Note: a grade of “C” or higher satisfies the Primary Writing Requirement.

Fall, Spring
105AReasoning & Writing in the CollegeWRTG 105A and WRTG 105B distribute the work of WRTG 105E across two semesters, with WRTG 105A covering the first half of WRTG 105E. WRTG 105A immerses students in the experience of academic writing, with a particular emphasis on analyzing, using, and documenting scholarly and non-scholarly texts. It provides instruction and practice in constructing cogent and compelling arguments, as students draft and revise two short argumentative essays. Students will develop and test their ideas through discussion, informal writing, peer critiques and self-assessments. All sections of WRTG 105A&B revolve around a theme and include a weekly writing group in which students do the work of writing with immediate support from the course instructor. To proceed from WRTG 105A to WRTG 105B, students must earn a grade of "C" or higher.Fall
105BReasoning & Writing in the College: Part IIThe second-half of the WRTG 105A-WRTG 105B sequence, WRTG 105B immerses students in the experience of academic writing, with a particular emphasis on analyzing, using, and documenting scholarly and non-scholarly texts. It provides instruction and practice in constructing cogent and compelling arguments, as students draft and revise a proposal and an 8-10 page argumentative research paper. Students will develop and test their ideas through discussion, informal writing, peer critiques and self-assessments. All sections of WRTG 105A&B revolve around a theme and include a weekly writing group in which students do the work of writing with immediate support from the course instructor. WRTG 105B students who have worked diligently but have not attained a grade of "B-" or higher may take an incomplete and sign up for WRTG 108, a weekly workshop and tutorial program that allows students to continue working on their writing, raise their final grades, and satisfy the Primary Writing Requirement.Fall, Spring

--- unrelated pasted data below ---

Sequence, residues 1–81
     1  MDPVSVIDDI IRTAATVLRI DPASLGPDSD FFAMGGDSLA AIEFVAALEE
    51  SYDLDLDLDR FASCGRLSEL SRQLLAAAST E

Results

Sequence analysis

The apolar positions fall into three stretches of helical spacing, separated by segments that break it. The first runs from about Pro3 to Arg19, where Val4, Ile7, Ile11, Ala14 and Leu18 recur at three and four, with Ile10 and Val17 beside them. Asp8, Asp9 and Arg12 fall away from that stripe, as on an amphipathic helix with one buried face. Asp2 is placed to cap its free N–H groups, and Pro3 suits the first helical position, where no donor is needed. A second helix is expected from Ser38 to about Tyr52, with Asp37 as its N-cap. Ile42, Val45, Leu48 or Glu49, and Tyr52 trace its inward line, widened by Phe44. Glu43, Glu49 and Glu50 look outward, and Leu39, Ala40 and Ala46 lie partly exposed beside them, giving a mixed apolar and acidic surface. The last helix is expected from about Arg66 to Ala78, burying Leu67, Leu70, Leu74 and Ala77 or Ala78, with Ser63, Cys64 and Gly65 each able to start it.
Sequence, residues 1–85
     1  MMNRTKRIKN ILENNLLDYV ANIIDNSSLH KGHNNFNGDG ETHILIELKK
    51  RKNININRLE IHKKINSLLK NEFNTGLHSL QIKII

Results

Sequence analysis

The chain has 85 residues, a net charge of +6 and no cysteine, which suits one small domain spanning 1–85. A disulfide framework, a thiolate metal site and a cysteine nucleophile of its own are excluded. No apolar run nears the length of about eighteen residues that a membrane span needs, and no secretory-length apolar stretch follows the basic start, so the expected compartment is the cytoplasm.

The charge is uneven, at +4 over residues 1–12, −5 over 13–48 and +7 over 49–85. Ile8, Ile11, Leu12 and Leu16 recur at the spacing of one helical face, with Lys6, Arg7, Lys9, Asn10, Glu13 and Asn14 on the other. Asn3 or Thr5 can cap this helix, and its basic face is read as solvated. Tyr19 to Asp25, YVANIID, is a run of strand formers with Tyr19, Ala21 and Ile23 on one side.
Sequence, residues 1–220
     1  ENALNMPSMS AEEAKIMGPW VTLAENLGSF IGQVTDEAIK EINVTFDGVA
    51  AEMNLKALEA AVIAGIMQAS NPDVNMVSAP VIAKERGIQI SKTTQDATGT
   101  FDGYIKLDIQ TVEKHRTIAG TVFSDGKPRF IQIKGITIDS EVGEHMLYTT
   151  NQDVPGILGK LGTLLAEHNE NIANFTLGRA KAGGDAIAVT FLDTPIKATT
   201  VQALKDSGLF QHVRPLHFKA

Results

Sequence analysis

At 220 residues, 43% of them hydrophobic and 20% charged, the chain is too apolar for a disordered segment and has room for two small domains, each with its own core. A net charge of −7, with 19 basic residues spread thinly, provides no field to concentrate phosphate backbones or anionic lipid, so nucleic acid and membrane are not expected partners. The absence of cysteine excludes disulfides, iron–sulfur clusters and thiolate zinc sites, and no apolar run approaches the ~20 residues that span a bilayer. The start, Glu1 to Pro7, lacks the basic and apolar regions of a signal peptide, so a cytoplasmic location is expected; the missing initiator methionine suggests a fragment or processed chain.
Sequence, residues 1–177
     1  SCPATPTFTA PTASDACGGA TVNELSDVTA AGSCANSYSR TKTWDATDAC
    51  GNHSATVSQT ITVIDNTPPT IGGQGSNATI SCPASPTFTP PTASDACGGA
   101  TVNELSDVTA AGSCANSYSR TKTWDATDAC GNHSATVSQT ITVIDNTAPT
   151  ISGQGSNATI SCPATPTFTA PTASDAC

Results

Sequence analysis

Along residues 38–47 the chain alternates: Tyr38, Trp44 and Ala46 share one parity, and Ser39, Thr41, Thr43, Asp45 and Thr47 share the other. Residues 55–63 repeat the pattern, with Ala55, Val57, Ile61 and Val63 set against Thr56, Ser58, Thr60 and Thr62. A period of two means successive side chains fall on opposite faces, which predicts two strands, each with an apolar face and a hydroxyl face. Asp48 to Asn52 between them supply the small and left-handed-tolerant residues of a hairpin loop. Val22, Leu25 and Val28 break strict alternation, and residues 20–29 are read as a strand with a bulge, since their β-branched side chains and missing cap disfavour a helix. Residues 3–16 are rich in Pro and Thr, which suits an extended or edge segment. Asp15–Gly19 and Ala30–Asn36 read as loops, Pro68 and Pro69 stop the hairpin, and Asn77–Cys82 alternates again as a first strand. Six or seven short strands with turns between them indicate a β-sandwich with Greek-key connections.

105EReasoning & Writing in the CollegeWRTG 105E is an extended version of Reasoning and Writing in the College. While WRTG 105 and WRTG 105E have the same expectations for completion, WRTG 105E is intended for students who decide that they need a more supported writing experience to meet the demands of college writing. All sections of WRTG 105E include an additional class session each week and are taught in computer labs and limited to 10 students. WRTG 105E students who have worked diligently but have not attained a B- or better may take an incomplete and sign up for WRTG 108, a weekly workshop and tutorial that allows students to raise their final grades and satisfy the Primary Writing Requirement.Fall, Spring